Israeli premier-designate Tzipi Livni has decided to abort negotiations to form a new coalition government, opting for snap general elections one year ahead of schedule.
"We’ll go to elections as soon as possible," Livni, the leader of the ruling centrist Kadima party, told Haaretz on Sunday, October 26.
Livni will be meeting President Shimon Peres later on Sunday to inform him of her failure to form a government.
Peres, whose post remains highly ceremonial, can then set into motion a process leading to early election, expected in February, more than a year ahead of schedule.
Livni’s efforts to form a new government collapsed over failure to reach an agreement with the ultra-Orthodox Shas party.
"I’m not willing to be blackmailed, either diplomatically or in terms of the budget, and therefore, I will go to elections," said Livni, recently elected to replace Kadima leader after incumbent Ehud Olmert who resigned in a corruption scandal.
Shas has asked Livni for budgetary demands and the exclusion of occupied East Jerusalem from peace talks with the Palestinians.
"There are demands which are unreasonable, even in a situation in which attempts are being made to form a government," Livni told Yediot Aharonot.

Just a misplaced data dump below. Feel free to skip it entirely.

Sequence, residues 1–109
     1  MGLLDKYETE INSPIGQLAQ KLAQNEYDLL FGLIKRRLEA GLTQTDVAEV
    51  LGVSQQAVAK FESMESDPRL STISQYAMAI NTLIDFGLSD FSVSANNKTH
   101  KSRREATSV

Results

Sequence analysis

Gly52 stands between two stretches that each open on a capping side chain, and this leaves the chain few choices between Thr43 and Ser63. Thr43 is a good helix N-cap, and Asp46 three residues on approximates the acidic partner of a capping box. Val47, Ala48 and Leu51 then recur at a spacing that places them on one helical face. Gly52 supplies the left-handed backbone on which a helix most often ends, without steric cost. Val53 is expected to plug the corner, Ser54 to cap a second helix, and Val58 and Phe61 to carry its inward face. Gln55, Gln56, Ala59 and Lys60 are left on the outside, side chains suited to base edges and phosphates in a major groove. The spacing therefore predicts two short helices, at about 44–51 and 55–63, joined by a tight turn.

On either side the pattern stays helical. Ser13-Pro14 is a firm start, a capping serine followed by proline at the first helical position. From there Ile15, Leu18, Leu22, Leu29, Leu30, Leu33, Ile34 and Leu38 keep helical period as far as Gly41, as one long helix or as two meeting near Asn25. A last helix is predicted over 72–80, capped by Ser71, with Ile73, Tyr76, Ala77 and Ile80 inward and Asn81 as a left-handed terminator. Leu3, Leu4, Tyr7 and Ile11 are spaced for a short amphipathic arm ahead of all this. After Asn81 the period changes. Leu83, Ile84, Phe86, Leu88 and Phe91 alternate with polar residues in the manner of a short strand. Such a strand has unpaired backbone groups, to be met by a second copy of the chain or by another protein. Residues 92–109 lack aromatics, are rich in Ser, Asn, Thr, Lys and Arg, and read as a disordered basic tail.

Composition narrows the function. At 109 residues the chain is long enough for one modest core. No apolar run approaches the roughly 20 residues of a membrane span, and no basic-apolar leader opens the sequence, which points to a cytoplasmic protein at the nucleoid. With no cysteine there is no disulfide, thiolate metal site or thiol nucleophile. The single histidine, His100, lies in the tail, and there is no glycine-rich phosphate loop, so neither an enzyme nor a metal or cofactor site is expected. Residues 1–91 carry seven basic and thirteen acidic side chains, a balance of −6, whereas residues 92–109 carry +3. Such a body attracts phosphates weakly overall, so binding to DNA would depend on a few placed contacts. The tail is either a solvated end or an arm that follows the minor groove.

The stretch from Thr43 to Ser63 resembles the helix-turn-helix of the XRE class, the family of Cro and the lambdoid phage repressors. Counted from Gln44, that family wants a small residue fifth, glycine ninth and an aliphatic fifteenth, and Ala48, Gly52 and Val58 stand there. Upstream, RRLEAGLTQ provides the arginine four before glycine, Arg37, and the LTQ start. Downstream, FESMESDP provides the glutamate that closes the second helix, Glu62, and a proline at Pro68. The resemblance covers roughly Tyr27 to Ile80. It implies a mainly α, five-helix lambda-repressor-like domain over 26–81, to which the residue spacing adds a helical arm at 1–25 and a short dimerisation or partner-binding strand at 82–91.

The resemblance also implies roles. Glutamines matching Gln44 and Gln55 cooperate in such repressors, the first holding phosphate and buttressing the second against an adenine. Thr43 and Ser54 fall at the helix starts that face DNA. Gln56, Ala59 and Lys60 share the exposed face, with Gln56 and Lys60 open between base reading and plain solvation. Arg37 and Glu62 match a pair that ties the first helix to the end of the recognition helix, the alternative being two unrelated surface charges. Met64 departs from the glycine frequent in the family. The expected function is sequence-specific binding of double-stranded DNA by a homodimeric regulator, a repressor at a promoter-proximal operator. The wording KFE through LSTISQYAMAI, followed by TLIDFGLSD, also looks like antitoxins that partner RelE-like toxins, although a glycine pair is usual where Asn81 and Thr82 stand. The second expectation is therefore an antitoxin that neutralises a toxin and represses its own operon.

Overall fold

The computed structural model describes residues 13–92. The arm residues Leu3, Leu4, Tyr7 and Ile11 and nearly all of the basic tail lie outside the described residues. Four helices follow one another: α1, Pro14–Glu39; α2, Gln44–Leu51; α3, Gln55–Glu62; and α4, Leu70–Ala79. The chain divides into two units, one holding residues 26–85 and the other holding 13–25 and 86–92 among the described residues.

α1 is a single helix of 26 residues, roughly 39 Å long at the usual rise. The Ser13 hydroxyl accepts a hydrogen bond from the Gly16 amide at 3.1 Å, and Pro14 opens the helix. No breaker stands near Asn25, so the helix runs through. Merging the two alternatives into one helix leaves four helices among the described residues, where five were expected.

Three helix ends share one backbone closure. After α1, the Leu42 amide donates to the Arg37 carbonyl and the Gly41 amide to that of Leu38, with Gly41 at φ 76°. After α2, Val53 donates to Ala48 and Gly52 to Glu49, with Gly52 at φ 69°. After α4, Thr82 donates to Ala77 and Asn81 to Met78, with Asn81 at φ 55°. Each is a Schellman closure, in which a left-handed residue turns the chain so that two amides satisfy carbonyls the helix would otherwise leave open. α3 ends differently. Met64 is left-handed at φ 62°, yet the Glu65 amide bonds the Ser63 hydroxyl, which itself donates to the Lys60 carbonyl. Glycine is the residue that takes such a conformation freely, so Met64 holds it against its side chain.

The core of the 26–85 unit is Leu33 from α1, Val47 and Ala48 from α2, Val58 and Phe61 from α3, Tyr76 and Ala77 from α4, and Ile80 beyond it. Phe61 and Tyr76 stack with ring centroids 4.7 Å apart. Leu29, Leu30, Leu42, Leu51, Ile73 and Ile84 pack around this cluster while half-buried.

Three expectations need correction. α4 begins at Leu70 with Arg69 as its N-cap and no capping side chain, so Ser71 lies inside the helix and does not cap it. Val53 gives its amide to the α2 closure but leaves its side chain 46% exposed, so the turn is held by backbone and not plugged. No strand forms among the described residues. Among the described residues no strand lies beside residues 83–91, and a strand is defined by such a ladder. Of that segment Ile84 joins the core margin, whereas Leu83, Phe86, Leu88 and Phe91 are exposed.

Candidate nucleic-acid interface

"When I had to decide between continued extortion and bringing forward elections, I preferred elections."
While preparing for elections, Israel will continue to be led by embattled Olmert until a new government is formed.
Olmert will determine the budget and conduct the diplomatic negotiations.
Political commentators believe Livni and Kadima will contest the polls with political flaws.
"While Livni will start her campaign with public support, she will be doing so from a position of political weakness — her failure to form a government," commentator Aluf Benn wrote in Haaretz. "And she will have none of the benefits of incumbency."
Opinion polls predict that the right-wing Likud party under former premier Benjamin Netanyahu will be the largest party after the elections, with Kadima coming in second place.
"I’m not afraid of elections. I’m going to win these elections," Livni said.
The snap polls, the fifth in less than 10 years, are expected to affect peace talks with Palestinians.
"We hope the Israelis will choose to stay the course with the peace process," Palestinian peace negotiator Saeb Erekat told Reuters.
Olmert and Palestinian President Mahmoud Abbas have been meeting regularly since a US-brokered November conference formally re-launched the peace process after a seven-year hiatus.
But the talks made little progress over Israel’s refusal to discuss the fate of Al-Quds and the ongoing settlement activities.
(IslamOnline.net and news agencies)